“Old School: Memories of the Brinkley Academy”
The Eddie Mae Herron Center and Museum is pleased to announce the exhibit, “Old School: Memories of the Brinkley Academy” will be on display now through February 8. Consisting of fourteen graphic panels, the exhibit offers a fascinating glimpse at early education and cultural history for African Americans in Arkansas’ Delta region.
Established in an era when public secondary education was routinely denied to African American youths, the Academy did its good work while society changed incrementally. It opened its doors three years before the Supreme Court’s landmark Plessy v. Ferguson decision sanctioned the doctrine of “separate but equal.” It closed a year before Linda Brown, a third grade African-American pupil, was denied the right to enroll in the school closest to her Topeka, Kansas home, leading to the Court’s 1954 Brown v. Board of Education decision.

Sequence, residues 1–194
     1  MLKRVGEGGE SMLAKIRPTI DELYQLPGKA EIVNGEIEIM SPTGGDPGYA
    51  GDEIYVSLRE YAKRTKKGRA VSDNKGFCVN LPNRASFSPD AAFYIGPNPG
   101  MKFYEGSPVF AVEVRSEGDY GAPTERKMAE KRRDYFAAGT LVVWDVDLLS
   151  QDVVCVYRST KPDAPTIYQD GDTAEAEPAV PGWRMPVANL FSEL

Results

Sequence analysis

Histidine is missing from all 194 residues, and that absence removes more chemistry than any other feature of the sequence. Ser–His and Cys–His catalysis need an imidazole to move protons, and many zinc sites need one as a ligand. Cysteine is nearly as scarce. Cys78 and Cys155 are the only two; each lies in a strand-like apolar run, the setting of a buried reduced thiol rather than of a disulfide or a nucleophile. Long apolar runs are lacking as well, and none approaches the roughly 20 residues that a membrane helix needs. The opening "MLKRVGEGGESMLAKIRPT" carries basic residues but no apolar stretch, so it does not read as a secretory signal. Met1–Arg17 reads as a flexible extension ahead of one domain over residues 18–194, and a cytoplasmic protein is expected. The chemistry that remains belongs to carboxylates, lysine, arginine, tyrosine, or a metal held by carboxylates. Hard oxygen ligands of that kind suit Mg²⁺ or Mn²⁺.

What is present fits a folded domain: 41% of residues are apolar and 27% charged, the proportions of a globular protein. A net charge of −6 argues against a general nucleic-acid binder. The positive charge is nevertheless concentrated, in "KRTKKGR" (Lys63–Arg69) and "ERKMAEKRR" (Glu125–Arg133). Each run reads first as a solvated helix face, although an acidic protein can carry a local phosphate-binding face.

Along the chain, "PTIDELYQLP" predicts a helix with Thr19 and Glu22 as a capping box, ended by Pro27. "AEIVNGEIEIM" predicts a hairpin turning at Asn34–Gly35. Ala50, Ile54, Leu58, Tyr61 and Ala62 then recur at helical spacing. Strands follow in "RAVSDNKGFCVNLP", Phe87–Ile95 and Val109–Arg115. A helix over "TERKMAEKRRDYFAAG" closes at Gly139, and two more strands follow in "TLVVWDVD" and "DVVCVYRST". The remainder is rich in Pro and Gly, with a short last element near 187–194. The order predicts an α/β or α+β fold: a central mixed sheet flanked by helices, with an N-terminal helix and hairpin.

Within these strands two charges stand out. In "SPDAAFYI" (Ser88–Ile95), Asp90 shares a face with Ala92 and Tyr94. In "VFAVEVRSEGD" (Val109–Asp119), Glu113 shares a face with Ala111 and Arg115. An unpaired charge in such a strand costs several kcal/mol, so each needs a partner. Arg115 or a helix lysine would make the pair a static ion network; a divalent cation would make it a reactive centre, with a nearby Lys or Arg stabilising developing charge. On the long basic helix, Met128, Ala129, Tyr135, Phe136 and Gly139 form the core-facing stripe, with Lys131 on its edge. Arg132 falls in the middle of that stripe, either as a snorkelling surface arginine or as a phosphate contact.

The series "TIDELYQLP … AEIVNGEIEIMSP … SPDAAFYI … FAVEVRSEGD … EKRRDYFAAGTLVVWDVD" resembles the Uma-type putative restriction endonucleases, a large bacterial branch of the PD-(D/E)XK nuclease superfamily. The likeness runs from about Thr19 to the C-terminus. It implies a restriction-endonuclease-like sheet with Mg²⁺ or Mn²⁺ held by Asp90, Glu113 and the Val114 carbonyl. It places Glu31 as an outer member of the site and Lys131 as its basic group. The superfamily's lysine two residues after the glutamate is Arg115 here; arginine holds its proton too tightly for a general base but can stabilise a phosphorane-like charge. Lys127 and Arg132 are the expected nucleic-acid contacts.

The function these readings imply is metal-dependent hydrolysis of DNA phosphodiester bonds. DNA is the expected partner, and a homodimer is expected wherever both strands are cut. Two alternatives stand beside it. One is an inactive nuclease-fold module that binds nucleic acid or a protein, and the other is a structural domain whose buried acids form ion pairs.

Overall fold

The Consolidated White River Academy was one of three African-American boarding schools located within a few miles of each other. These schools, established in the late nineteenth and early twentieth centuries, would each close within a few months of one another in 1949-50, their mission increasingly shouldered by segregated public high schools.
The exhibit is on loan from the Arkansas Humanities Council and was originally produced by the Arkansas Secretary of State’s Office and Park Central Little Rock.
EMHC is open for visitors, Monday-Friday, 10 a.m. – 3:00 p.m. and on Saturday by appointment. Please call the Center at 892-4433 for more information.